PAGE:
Stanford University Press.
Modern China, in W. Yeh (ed.) Becoming
Turner, B.S. (1996) The Body and Society,
Chinese: Passages to Modernity and Beyond,
Explorations in Social Theory, 2nd edn.
pp. 34264. Berkeley, LA and London:
London: Sage.
University of California Press.
Yeh, W. (1990) Alienated Academy: Culture and
Featherstone, M., M. Hepworth and B.S. Turner
Politics in Republican China, 19191937.
(eds) (1991) The Body: Social Process and
Cambridge, MA and London: Harvard
Cultural Theory. London: Sage.
University Asia Centre.
Li, S. (2003) Reconstituting Chinese Building
Tradition: The Yingzao Fashi in the Early
Twentieth Century, Journal of Society of Li Shiqiao is Associate Professor in the Depart-
Architectural Historians 62(4): 47089. ment of Architecture, Chinese University of Hong
Mumford, L. (1961) The City in History, its Kong. He has published on architecture and
Origins, its Transformations, and its Prospects. modernity in China and England, and has won
New York: Harcourt Brace. architectural design awards.

Anthropology and Japanese Modernity


Kaori Sugishita

failure to objectify Japanese modernity, the


Keywords imperialism, modernity, postmod-
particular conditions under which it has
ernism, westernization
developed.
Japans engagement with modernity traces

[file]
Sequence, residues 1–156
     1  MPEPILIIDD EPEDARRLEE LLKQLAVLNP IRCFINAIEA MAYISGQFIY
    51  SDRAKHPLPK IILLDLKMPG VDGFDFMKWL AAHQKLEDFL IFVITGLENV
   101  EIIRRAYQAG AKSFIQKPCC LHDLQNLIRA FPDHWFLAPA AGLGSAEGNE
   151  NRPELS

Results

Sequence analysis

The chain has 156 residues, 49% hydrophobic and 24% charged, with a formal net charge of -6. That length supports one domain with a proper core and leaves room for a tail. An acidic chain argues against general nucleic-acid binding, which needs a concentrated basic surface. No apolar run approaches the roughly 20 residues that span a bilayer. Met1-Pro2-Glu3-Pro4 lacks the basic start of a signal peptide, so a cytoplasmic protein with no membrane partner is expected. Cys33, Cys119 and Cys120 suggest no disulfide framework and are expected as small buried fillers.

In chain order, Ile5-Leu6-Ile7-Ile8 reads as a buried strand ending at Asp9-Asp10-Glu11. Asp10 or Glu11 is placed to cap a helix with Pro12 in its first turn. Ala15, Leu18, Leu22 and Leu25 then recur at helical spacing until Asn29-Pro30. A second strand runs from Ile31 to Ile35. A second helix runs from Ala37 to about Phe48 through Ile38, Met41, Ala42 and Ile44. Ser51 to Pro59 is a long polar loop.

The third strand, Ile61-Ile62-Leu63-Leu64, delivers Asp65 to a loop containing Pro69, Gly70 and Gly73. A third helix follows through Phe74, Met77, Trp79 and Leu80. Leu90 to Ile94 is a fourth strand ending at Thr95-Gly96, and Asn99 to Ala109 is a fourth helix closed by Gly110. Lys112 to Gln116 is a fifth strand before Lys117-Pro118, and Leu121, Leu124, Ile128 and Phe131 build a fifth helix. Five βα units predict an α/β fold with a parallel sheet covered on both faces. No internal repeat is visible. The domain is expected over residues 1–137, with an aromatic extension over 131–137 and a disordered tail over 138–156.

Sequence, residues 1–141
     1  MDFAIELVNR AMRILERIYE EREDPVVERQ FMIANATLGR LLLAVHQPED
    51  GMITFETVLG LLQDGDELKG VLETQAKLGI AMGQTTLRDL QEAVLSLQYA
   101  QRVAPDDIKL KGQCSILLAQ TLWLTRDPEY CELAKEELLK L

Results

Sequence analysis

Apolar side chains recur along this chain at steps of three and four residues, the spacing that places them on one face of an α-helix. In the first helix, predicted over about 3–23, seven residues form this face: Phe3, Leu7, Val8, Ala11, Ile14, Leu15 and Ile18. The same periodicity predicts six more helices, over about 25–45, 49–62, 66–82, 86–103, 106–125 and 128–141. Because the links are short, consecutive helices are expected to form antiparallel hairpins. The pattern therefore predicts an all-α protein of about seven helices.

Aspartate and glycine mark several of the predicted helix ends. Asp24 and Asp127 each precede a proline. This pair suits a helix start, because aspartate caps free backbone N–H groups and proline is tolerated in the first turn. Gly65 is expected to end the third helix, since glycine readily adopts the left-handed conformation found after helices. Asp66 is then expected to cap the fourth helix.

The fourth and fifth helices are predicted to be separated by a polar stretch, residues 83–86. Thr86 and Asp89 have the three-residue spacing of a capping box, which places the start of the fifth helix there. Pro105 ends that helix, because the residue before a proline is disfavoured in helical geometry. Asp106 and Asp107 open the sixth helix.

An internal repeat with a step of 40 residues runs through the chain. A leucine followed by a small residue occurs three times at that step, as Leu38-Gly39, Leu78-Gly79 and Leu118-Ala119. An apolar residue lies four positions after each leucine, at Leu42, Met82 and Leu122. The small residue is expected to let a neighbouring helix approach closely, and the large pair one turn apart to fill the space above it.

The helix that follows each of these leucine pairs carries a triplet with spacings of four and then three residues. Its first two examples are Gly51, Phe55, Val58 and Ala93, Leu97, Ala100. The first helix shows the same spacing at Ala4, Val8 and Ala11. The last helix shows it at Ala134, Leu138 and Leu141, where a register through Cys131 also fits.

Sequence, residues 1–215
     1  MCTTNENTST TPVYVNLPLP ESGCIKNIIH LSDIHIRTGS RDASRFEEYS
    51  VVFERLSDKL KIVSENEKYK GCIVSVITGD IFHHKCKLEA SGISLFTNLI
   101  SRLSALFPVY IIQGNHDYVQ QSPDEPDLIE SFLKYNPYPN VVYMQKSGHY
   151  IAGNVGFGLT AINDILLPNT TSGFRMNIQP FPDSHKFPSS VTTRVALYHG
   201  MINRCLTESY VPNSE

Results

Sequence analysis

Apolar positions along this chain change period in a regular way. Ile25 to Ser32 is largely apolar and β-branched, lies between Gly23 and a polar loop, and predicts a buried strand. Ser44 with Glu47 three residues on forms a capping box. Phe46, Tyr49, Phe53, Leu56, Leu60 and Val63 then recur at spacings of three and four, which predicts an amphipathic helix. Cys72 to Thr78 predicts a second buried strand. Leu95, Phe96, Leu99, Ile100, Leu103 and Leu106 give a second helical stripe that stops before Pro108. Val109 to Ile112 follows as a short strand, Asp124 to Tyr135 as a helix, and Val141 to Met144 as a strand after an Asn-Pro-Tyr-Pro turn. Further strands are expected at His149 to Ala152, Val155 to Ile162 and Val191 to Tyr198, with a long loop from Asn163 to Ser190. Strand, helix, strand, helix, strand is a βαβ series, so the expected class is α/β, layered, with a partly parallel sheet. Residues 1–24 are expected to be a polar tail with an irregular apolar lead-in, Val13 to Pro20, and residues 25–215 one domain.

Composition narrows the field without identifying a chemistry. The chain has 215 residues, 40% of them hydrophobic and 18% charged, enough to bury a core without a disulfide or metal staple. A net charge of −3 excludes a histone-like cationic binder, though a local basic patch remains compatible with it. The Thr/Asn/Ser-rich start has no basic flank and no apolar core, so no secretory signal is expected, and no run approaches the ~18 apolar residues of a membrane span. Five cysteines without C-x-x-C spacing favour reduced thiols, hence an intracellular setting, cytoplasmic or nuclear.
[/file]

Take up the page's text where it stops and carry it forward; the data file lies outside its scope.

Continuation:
back to the restoration of imperial rule (1868);
with the feudalistic regime of shogunate and its

A
lthough the discipline of anthropology is
embedded in different socio-cultural policy of national isolation abolished, Japan set out
entities, the West remains the primary to catch up with the West in the name of
we/here that produces knowledge about others/ enlightenment. Anthropology was introduced to
there, thanks to its political, economic and Japan in this course for modernization, mediated
academic dominance. Hence it is worth investigat- by Western investigation into the origins of the
ing the development of anthropology in the non- Japanese. Brought to a shocking realization that
West with regard to different manifestations of they were observed by Westerners (Shimizu,
modernity, which was originally a self-image of 1998: 115), the Japanese vigorously produced
the West, a state of rationality and civilization that knowledge about their origins, differentiating
the dominant entity attributed to itself. Japan, a we/here from others/there in the North and the
non-Western nation, has engaged with modernity South. Such scholarship contributed to the
as such in relentless pursuit of Western power, modern attempt of Japan to forge its unity as a
wealth and knowledge. The operation of anthro- nation-state, which unfolded against a backdrop
pology in this process is twofold; on the one hand, of the emergent world order centred on the West
Japan as others/there has been scrutinized by the (Askew, 2003: 138). In search of a national
dominant West, while, on the other, it has joined identity with which to arm itself, Japan desired to
the West, as we/here, in subjecting others/there join the West as dominant entity, thereby keeping
to the same scrutiny. In fact, Japan has become a distance from Asia, the subordinate entity of
locus of anthropology comparable to the West in which it hitherto formed a part. This led on to the
terms of ethnographic and theoretical range. development of imperialism in Japan, affecting
However, Japanese anthropology lacks critical anthropology therein; we/here increasingly
perspectives on itself, as illustrated by its constant considered itself superior to others/there, even